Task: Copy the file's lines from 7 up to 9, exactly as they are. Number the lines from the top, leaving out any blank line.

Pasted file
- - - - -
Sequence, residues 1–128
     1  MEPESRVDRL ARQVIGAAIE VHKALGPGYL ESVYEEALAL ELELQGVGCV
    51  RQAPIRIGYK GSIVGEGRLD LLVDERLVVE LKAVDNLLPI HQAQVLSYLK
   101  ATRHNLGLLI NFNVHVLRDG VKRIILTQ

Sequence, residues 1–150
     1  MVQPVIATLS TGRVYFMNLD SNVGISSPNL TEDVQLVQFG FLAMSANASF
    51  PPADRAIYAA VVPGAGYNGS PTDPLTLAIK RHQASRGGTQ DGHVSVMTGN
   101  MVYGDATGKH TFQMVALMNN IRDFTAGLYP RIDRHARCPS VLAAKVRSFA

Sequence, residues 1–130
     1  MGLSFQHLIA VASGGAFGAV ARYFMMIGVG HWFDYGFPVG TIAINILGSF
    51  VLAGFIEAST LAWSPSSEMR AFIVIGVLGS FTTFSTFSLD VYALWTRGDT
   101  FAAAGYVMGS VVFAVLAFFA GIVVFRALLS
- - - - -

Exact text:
    51  PPADRAIYAA VVPGAGYNGS PTDPLTLAIK RHQASRGGTQ DGHVSVMTGN
   101  MVYGDATGKH TFQMVALMNN IRDFTAGLYP RIDRHARCPS VLAAKVRSFA

Sequence, residues 1–130